EY staff numbers and revenues soar past boom levels
Accounting and advisory services giant EY is reporting double-digit growth for the fourth consecutive year at its Irish arm, with revenues of €247m in the year to the end of June last.
Staff numbers and revenues at EY Ireland are now significantly above boom levels, country managing partner Mike McKerr told the Irish Independent.
"Fee income pre-recession was close to €100m and is well ahead of that now. In terms of staff we were looking at 1,100 then compared to 2,400 now," he said.
The firm has increased staff numbers by 38pc since 2015, he said. This includes a recent intake of 248 graduates.
"We never had a redundancy programme, so we kept capacity in the business," he said.
Expansion outside Dublin is now particularly marked, including in Galway, where a new team of 25 will now be increased to between 75 and 100 staff, as well as in Cork and Waterford, he said.
EY has seven offices across the island of Ireland.
It operates on an all-island basis, including a significant presence in Belfast.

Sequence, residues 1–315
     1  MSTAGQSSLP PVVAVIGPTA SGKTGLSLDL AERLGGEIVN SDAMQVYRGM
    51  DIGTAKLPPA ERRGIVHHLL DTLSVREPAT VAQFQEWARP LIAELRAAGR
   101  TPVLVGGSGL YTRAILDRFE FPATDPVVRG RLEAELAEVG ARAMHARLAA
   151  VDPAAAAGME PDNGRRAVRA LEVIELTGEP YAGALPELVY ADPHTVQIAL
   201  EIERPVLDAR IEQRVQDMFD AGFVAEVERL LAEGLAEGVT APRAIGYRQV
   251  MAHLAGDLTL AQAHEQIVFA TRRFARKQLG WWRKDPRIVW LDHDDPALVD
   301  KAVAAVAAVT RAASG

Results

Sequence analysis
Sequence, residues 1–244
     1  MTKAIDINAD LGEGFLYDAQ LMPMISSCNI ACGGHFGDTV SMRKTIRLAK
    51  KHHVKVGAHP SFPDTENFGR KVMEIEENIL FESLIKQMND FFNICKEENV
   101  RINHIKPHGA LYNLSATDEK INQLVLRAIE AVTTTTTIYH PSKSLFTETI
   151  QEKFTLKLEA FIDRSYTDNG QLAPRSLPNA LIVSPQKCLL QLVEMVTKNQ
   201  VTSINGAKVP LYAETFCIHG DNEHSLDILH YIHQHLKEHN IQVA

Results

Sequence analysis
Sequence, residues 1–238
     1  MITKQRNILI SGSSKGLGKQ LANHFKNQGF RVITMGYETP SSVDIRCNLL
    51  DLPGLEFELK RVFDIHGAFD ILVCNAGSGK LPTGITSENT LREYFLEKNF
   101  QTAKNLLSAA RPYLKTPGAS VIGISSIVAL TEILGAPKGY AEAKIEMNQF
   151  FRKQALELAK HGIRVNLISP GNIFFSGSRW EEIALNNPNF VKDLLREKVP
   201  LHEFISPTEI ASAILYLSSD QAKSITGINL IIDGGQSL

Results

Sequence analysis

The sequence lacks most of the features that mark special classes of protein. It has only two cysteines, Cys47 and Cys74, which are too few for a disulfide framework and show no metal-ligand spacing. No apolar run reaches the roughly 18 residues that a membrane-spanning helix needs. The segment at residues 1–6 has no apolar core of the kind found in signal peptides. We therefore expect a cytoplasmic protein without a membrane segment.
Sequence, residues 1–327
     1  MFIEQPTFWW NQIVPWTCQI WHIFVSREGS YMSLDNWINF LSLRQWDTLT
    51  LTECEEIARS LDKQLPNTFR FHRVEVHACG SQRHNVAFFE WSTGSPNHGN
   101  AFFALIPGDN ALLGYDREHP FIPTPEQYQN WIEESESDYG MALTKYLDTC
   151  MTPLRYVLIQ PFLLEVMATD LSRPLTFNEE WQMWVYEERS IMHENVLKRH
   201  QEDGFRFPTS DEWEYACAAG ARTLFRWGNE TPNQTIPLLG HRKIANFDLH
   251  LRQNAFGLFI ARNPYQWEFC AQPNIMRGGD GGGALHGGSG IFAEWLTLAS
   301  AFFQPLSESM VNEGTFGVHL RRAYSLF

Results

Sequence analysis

However, that structure could be endangered by Brexit, Mr McKerr noted.
"I sincerely hope we can continue [with the current cross-Border structure], a soft Brexit is clearly the preference, a hard Brexit would give us different challenges," Mr McKerr said
In the Republic, fee income grew 12pc in the 2017 financial year, compared to 9pc in the UK. Globally, EY reported annual revenues of $31.4bn (€27bn) for 2017, up 7.8pc.
New initiatives in 2017 included the appointment of Belfast-based Prof Neil Gibson, as EY Ireland chief economist, and the appointment of Shane MacSweeney as partner and head of government and infrastructure for EY Ireland, a new business area focused on longer- term capital projects, including State spending and private investment in renewable energy and other large-scale projects.
Meanwhile, research from PWC has found that Irish financial services executives are less concerned than their global peers about the potential of technological disruption to their businesses. Global executives are also more mindful of the value of protecting people's data, compared to their Irish counterparts.